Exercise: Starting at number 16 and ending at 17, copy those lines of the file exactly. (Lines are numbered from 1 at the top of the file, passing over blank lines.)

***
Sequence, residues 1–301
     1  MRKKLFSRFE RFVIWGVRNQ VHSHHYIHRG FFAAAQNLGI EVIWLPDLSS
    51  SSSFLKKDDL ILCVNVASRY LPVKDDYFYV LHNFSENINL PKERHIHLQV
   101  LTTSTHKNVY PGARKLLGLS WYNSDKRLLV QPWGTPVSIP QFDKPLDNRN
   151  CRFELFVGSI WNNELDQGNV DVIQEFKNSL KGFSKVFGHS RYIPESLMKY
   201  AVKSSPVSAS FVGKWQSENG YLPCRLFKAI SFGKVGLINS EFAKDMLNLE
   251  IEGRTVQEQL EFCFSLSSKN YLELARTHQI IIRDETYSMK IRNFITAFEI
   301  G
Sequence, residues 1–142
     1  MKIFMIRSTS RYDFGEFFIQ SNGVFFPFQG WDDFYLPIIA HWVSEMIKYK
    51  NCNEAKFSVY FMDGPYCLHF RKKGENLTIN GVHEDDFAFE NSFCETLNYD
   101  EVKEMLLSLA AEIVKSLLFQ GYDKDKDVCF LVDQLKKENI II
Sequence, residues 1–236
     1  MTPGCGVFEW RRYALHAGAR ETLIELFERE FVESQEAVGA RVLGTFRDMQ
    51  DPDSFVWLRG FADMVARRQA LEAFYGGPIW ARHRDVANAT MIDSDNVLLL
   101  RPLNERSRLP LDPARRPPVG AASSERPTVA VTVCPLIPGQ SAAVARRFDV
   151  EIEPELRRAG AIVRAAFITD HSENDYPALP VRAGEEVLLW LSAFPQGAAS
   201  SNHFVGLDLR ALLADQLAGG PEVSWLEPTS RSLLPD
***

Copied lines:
   101  RPLNERSRLP LDPARRPPVG AASSERPTVA VTVCPLIPGQ SAAVARRFDV
   151  EIEPELRRAG AIVRAAFITD HSENDYPALP VRAGEEVLLW LSAFPQGAAS